LAFLAMME, TOUSSAINT-ANTOINE-RODOLPHE, lawyer, professor, and politician; b. 15 May 1827 in Montreal, son of Toussaint Lebœuf, dit Laflamme, a merchant, and Marguerite-Suzanne Thibodeau; d. there, unmarried, 7 Dec. 1893.
Toussaint-Antoine-Rodolphe Laflamme did his classical studies at the Petit Séminaire de Montréal from 1835 to 1845, was articled to Lewis Thomas Drummond*, and received his call to the bar on 6 Oct. 1849. He was destined to have a brilliant career in the law: numerous clients, important cases, positions of trust within the profession, and honours. He first went into partnership with Charles Laberge*, a young lawyer who, like himself, was connected with the Institut Canadien in Montreal and with L’Avenir, a newspaper published there. Later Laflamme practised with his brother Godefroy. Nearly 25 years after his legal career had begun, at the point when he was thinking of entering politics, he was considered the leading partner in the well-known firm of Laflamme, Huntington, and Laflamme. He had already handled famous cases. He was counsel for the seigneurs in 1857–58 when they claimed compensation for the abolition of seigneurial rights. In 1864 he defended the St Albans raiders [see Charles-Joseph Coursol*], and in 1869–70 he acted for Joseph Guibord*’s widow in her suit against the curé and churchwardens of the Montreal parish of Notre-Dame [see Alexis-Frédéric Truteau*]. Laflamme was Mme Guibord’s first lawyer before the Superior Court in 1869, but he was soon joined by Joseph Doutre*, who had prime responsibility at the other stages of the case (including the appeal to the Judicial Committee of the Privy Council in London, which rendered a favourable decision at the end of 1874).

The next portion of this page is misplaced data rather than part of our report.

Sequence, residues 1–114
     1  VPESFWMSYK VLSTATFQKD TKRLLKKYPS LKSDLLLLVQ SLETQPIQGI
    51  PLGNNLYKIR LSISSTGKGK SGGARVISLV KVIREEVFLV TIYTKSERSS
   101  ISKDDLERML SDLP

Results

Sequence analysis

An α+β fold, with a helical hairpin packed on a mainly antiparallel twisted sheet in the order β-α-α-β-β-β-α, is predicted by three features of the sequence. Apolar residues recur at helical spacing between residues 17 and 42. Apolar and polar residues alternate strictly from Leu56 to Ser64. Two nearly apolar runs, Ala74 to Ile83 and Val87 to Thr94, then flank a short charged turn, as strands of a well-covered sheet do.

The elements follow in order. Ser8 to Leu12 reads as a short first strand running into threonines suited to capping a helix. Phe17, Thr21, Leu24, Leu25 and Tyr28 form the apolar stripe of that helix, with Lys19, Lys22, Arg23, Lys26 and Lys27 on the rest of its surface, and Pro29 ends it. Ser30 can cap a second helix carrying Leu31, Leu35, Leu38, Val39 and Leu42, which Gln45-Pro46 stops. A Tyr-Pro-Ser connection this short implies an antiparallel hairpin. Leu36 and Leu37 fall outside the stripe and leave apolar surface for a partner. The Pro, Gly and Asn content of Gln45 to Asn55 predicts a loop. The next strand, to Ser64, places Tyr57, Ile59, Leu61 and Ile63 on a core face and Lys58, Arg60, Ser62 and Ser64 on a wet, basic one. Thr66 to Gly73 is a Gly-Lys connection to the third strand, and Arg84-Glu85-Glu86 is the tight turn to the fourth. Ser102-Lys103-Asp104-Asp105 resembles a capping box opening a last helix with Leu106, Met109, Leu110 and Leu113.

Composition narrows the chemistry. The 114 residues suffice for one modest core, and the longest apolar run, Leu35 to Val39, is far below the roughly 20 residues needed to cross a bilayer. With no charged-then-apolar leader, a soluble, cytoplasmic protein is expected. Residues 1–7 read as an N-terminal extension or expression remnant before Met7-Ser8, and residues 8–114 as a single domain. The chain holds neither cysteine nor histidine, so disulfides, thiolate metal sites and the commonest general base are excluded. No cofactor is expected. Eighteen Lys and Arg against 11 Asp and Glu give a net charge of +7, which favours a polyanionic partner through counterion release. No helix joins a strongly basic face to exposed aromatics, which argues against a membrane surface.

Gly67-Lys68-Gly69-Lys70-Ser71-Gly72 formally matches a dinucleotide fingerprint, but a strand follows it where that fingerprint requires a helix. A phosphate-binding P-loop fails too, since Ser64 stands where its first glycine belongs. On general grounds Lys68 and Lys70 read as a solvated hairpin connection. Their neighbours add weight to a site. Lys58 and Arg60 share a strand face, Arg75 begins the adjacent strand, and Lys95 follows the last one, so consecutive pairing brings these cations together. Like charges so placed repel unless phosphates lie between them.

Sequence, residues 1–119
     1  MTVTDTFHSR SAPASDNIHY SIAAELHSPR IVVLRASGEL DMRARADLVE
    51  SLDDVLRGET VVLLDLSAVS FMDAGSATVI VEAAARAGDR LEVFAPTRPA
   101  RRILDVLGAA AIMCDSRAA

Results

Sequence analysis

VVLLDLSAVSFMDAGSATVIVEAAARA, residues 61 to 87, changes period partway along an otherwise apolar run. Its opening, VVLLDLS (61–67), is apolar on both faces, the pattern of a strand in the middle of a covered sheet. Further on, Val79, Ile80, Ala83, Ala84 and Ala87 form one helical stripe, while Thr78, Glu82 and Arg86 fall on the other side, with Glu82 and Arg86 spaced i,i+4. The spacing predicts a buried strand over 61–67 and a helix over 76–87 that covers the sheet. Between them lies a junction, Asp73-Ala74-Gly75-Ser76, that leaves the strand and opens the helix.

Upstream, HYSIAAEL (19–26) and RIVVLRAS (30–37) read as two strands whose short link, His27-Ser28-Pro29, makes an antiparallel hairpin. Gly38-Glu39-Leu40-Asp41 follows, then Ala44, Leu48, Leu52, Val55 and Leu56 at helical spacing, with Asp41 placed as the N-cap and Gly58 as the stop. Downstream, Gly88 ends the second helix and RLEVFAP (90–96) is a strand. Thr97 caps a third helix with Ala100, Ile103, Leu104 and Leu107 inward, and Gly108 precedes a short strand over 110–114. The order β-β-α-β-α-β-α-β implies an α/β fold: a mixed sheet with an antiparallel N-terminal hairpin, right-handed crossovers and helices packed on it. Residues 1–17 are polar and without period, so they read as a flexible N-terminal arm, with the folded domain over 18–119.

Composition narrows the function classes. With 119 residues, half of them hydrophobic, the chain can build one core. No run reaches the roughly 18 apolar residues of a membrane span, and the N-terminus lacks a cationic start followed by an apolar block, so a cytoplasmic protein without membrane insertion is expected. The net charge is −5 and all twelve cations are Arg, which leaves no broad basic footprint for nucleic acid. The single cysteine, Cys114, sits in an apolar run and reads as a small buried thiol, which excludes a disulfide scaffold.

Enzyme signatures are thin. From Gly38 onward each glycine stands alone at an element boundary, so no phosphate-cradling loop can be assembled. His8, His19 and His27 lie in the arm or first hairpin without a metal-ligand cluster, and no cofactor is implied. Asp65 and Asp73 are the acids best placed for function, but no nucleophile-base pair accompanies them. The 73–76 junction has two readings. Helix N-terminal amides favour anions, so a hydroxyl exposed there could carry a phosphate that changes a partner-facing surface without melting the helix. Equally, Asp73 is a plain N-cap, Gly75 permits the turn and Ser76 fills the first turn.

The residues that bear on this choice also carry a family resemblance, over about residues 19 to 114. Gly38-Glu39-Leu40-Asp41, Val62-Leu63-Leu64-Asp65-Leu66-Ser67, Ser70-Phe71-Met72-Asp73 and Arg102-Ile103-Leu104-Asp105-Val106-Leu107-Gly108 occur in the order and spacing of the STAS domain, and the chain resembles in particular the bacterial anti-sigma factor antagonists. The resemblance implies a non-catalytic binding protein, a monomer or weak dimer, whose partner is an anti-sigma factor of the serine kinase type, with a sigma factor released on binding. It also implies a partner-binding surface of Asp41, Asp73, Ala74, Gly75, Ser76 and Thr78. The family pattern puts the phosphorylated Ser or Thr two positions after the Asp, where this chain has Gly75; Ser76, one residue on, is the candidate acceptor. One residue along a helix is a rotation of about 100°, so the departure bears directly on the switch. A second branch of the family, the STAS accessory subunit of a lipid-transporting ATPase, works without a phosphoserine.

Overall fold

In 1856 Laflamme had obtained a bcl degree from McGill College. He was a member of the council of the bar of Lower Canada several times, first in 1857, and from 1864 to 1866 he served as bâtonnier. In 1863 he was made a queen’s counsel. For a couple of years he was a teacher (part-time, like the other professors) of property law in the faculty of law at McGill, which in 1873 conferred on him the honorary degree of dcl. He declined to sit on the newly created Supreme Court of Canada in 1875.